David Gilmour Signature Relic Stratocaster Artist Series Fender Custom Shop features
- "Body: Alder Finish: Nitrocellulose lacquer Neck: one-piece maple, reissue C-shaped, .790"" to .870"" taper Fingerboard: Maple, 7.25"" radius Frets: 21, vintage Scale Length: 25.5"" Nut: 1.675"" Hardware: Vintage Tuning Keys: Vintage Bridge: Vintage Stratocaster with Custom shortened vintage tremolo arm Pickguard: .120"" one-ply black acrylic pickguard (exclusive to Gilmour model) Pickups Neck: Custom Hand-Wound Fat '50s Strat Middle"
- " "The David Gilmour Signature Series Stratocaster Guitar from the Fender Custom Shop has an alder body, black or black over three-color sunburst finish, a black pickguard, a one-piece straight-grain maple neck, custom pickups, and Gilmour's now-famous electronics and shortened vintage tremolo arm
- A cornerstone of Pink Floyd's incomparably revolutionary sound, Gilmour's Black Strat is featured extensively on The Dark Side of the Moon, Wish You Were Here, Animals, The Wall and his critically acclaimed 2006 solo effort, On An Island
- The Fender Custom Shop worked hand-in-hand with Gilmour and his longtime guitar technician, Phil Taylor, to create this signature model instrument, a detailed reproduction of the Black Strat-complete in its unmistakable look, sound, and feel
- The David Gilmour Signature Strat comes with a custom Fender guitar case, an Evidence high-end guitar cable and Gilmour's three-disc Live in Gdansk CD/DVD set
Fender Custom Shop David Gilmour Signature Stratocaster NOS
The whole relic industry with guitars is a fine thing for those who love it. I absolutely admire the artistry in perfectly recreating a guitar with all the dents and scratches, but such things are very expensive, and besides, when I buy a new guitar, I want it to look like a brand new guitar. This leads us to the NOS version of the Gilmour Stratocaster, for this is the guitar recreated in the image of David's, but this one is without the dents and the scratches.
This guitar is still a long way from affordable. This is priced at over five thousand dollars. You think about that, and you realize you could probably buy five good Stratocasters for that amount of money. You could also drop in some custom pickups, and have someone do some fancy wiring to make one a lot like this one. Then again, there are people out there who have enough cash to simply just buy one. Hats off to those blessed souls, I figure.
There is one thing about these guitars which has to be pointed out. People talk about these as though they are the Holy Grail, and I get that. I understand completely the love of gear and the love of Gilmour. But analyzing the specifications, you need to be certain you can deal with that round fingerboard radius these guitars have. Today's players are more and more used to flatter fingerboards, and this is just not one of those. So I would plead with someone to absolutely spend some time with one of these guitars before you up and spend five thousand bucks on one.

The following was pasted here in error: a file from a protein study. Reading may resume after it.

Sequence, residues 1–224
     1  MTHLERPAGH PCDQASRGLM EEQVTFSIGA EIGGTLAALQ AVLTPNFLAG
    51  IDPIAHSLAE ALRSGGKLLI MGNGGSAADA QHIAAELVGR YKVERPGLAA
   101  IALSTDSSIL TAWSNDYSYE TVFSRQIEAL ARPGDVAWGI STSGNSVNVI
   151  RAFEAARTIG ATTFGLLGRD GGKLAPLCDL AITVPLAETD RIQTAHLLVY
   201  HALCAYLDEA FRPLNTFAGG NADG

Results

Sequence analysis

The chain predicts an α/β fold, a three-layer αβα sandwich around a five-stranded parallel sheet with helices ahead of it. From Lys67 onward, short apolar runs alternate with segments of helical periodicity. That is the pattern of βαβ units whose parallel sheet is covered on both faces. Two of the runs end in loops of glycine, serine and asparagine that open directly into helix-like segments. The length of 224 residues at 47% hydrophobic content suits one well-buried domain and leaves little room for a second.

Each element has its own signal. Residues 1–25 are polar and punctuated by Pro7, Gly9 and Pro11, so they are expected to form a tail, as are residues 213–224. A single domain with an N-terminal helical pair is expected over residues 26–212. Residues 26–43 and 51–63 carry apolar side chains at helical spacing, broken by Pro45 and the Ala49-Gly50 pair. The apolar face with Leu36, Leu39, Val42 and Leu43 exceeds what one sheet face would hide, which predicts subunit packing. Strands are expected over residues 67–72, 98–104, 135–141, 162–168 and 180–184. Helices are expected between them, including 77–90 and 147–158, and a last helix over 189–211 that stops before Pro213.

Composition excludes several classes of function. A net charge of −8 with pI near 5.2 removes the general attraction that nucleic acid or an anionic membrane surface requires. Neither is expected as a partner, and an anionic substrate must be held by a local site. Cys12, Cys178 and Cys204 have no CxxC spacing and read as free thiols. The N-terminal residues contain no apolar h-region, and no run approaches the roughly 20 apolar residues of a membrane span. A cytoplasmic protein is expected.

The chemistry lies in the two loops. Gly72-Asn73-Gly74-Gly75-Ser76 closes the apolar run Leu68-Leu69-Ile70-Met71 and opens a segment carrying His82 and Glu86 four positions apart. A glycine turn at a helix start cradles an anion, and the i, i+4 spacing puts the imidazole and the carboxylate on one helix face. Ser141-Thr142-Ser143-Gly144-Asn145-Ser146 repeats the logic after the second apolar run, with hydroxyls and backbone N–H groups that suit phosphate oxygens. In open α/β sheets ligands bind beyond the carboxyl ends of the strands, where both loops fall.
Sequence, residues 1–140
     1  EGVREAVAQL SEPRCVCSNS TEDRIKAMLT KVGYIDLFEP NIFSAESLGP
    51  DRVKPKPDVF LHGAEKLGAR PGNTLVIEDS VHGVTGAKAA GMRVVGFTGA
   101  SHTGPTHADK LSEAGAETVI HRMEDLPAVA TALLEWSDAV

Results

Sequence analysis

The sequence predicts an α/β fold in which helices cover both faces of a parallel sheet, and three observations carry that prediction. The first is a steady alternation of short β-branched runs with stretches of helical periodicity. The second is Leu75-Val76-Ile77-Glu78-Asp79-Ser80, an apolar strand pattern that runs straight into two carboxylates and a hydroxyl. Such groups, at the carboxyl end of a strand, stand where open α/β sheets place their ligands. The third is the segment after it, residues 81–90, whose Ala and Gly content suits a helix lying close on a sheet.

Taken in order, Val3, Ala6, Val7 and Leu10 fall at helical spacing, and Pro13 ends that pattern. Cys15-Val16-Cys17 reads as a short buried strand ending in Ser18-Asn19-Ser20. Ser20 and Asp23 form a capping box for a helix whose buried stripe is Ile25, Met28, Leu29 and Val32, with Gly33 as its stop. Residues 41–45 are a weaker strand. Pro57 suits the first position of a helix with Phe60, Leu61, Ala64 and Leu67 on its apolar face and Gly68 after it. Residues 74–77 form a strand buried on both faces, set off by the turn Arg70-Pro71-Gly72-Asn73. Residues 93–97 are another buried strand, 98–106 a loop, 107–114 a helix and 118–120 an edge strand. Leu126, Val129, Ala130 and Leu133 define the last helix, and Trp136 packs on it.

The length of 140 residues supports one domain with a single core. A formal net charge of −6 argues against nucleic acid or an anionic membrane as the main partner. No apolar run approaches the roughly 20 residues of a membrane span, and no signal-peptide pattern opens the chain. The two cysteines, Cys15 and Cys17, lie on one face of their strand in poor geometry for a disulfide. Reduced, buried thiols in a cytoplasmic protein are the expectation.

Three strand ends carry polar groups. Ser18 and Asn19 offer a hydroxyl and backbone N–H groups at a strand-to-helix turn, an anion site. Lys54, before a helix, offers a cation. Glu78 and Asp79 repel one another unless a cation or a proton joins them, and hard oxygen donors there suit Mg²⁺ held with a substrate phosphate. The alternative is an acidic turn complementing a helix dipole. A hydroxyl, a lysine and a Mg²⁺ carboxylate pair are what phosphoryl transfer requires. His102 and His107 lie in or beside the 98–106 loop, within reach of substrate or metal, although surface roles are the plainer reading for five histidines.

Fender Custom Shop David Gilmour Stratocaster NOS Features
- Alder body with nitrocellulose lacquer finish
- One piece maple neck with 1983 Fender 'C' shape thin shoulder profile
- Maple fingerboard with 7.25" fingerboard radius
- Neck pickup- Fender Custom Shop fat '50s single coil Strat
- Middle pickup- Custom wound single coil Strat
- Bridge pickup - Seymour Duncan SSL-5 single coil Strat
- Controls: Master Volume, Tone 1 (neck pickup), Tone 2 (middle pickup)
- Switching: 5-way blade switch with an additional two way toggle switch that activates neck pickup to the middle and bridge positions
- Bridge: American Vintage synchronized tremolo with custom-beveled tremolo block, shortened tremolo arm
- Accessories: Evidence Audio guitar cable, custom leather strap, David Gilmour's Live In Pompeii Blu-ray, and David Gilmour signature GHS strings
Fender American Professional Stratocaster
What's a poor boy to do? Your best bet for the money is to buy a new Fender American Professional Stratocaster. You'll have a better guitar than a 1969 Strat, and the price is far, far more reasonable than what you'd have to pay for a David Gilmour Strat.
The white pick-guard which comes on this guitar is not a serious aesthetic obstacle. Nor is it a big deal monetarily. Strat pickguards are easily acquired for between twenty and forty dollars. If you're not feeling up to changing one out, it can be done for you at your local guitar store, though I'm unsure what someone would charge you for changing that out. It couldn't be much.
From there one could save to change out the pups to match what Gilmour is using, but what is evident in the all new in 2017 Fender American Pro Strat are three all new Strat pickups designed by pickup guru Tim Shaw. Were I you, I'd stick with the pups in there, they are fabulous; but if having Gilmour's exact pickup recipe is a major desire, there are pickguards loaded with Gilmour's exact set already available online.